This chapter outlines the objectives of the book and argues that a spatially knowledgeable approach is important to understanding the problems arising from the entanglement of hydrocarbon energy and political power in Russia. Only through a detailed knowledge of the current energy-political system and its hydrocarbon-culture mentality can we come up with enlightened foresight about Russia. At this time, the hydrocarbon-dependent regime of President Putin is both unable and unwilling to react to the systemic transformation brought about by global climate change. The Russian deadlock has encouraged the author to develop a vision for a resilient and sustainable Russia. The chapter also contextualizes Russian energy: it is devoted to Russia’s energy resources, their extraction, domestic use and export, and also defines the central actors that are determining the main directions of Russia’s energy policies, including paving the way towards the much-needed climate neutrality.
All but one of the chapters of this book, the concluding one, are devoted to the problems arising from the entanglement of fossil energy and political power in Russia. I argue that this is essential, as we cannot come up with any positive and enlightened foresights for Russia and its partners without a very detailed knowledge of the problems in the current energy-political system and its specific hydrocarbon culture mentality. The hydrocarbon-dependent regime of President Putin is both unable and unwilling to see the inevitable systemic change that is approaching, and brought about by global climate change. This Russian deadlock has encouraged me to seek tools to confront the problem. I define the task in this chapter by outlining the aims and scope of the book. The latter part of the chapter contextualizes Russian energy: it is devoted to Russia’s energy resources, their extraction, domestic use and export, and also defines the central actors determining the main directions of Russia’s energy policies, which includes paving the way towards much-needed climate neutrality.
This book is an attempt to understand how natural resources and energy affect the political aims, societal discourses and cultural identity of the Russian society. Furthermore, it aims to analyse how different energy sources set conditions for specific political and cultural practices that frame Russia’s choices, and what the consequences of this are for Russia and the global community. The focus is more on discourses and practices promoted by the elite rather than the popular embrace of that agenda. The fact that high dependence on oil and gas is justified by the economic and political elite via space and time – oil and gas are depicted as part of Russian identity and justified with the help of geography and history – is at the epicentre of the analysis.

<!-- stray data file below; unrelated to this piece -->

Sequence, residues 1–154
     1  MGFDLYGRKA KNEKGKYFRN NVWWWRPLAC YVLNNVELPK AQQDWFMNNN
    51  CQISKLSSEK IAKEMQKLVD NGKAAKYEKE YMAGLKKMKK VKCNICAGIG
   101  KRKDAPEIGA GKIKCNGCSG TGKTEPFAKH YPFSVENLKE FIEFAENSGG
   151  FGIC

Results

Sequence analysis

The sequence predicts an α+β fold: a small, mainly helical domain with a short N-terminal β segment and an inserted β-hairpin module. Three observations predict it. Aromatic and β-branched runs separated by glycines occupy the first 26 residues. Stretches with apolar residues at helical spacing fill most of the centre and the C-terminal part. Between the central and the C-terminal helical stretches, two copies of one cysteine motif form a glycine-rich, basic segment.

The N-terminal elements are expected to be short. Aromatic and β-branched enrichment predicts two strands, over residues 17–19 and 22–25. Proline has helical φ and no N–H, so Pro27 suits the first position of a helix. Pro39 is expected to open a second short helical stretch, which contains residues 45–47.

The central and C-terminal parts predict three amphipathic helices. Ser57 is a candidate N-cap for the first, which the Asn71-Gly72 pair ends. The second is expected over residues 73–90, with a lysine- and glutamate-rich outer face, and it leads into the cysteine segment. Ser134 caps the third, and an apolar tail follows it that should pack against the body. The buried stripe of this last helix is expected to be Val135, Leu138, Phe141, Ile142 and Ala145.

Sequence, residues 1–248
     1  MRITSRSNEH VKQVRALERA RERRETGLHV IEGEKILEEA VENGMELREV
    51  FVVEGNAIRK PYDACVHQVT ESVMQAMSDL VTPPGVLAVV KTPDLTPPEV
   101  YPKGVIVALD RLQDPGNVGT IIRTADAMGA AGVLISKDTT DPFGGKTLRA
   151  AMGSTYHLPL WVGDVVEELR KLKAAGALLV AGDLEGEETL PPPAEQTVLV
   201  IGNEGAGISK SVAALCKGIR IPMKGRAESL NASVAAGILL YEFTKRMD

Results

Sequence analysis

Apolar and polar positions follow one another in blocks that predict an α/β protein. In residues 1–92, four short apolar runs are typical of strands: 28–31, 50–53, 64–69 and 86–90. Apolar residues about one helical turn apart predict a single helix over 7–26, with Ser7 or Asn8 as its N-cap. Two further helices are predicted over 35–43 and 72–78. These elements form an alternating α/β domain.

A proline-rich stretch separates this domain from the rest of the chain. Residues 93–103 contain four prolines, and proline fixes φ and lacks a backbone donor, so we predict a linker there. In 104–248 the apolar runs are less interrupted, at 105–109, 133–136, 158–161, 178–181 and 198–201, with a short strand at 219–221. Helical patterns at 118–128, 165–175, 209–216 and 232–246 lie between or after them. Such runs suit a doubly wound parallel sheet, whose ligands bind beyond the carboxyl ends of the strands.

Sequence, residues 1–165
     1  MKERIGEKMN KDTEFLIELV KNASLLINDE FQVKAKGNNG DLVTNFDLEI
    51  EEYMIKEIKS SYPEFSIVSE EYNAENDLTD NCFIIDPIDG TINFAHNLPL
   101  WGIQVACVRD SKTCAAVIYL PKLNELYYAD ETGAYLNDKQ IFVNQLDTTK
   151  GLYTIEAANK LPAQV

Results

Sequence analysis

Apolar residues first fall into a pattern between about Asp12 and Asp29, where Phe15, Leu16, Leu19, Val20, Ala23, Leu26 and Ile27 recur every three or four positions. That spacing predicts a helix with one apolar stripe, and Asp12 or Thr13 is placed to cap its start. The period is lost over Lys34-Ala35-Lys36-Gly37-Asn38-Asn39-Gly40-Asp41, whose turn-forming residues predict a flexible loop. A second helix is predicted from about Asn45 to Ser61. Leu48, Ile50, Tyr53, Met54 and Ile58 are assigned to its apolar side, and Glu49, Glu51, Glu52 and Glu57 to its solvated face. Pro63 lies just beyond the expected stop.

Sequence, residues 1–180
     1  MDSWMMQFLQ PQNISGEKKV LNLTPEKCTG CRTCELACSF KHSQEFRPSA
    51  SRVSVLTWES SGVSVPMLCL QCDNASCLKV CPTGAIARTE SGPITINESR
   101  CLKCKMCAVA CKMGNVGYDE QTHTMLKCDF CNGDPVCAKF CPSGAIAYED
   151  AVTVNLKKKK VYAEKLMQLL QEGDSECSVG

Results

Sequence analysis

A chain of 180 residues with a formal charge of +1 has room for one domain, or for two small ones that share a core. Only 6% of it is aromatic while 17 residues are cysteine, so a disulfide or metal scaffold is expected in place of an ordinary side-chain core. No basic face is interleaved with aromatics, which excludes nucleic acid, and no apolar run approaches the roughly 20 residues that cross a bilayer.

On the one hand, the book is linked to debates over the societal and political implications of energy, and especially that of energy dependence. Thus, readers will find connections to the academic discourse of the resource curse, for example, a discussion linking the research interests of economists and political scientists in a quest to understand the economic and political implications of high resource rents and economic dependence on one or a few (energy) resources. In addition, the concepts of ‘energy superpower’ and ‘energy weapon’ are referred to in the book, but the links between energy power and energy security are examined with a twist differing from the traditional accounts that dwell on the topic of energy as political leverage. Due to the theoretical and methodological choices I make, which echo my understanding as a political geographer of what is interesting and relevant, I emphasize that the spatialities and materialities of energy do play a significant role in explaining Russia’s choices. The point of departure is that energy materialities possess agency that frames policies and practices, narratives and discourses by limiting or enabling different actors to exert power. This means that the power of various energy sources and the materialities linked to them, such as oil geology and geography, pipeline infrastructure, a district heating network or the heat produced by gas, set conditions for certain political, bureaucratic, commercial and cultural practices in the society. Due to their spatiality and the materialities – the environment, geology, infrastructures, flows, links, networks and rents related and connected to oil and gas – hydrocarbon energy has a conditionalizing effect on societal development, especially in the Russia context. The fact that geography and history frame Russia’s choices (Lo 2015) is amplified via the high dependence on oil and gas, which are once again being depicted as part of Russian history and geography. Thus, the agency and power of Russian energy is approached with a viewpoint where Foucauldian power-analytics and Latourian actor-network theory meet a spatially thinking scholar.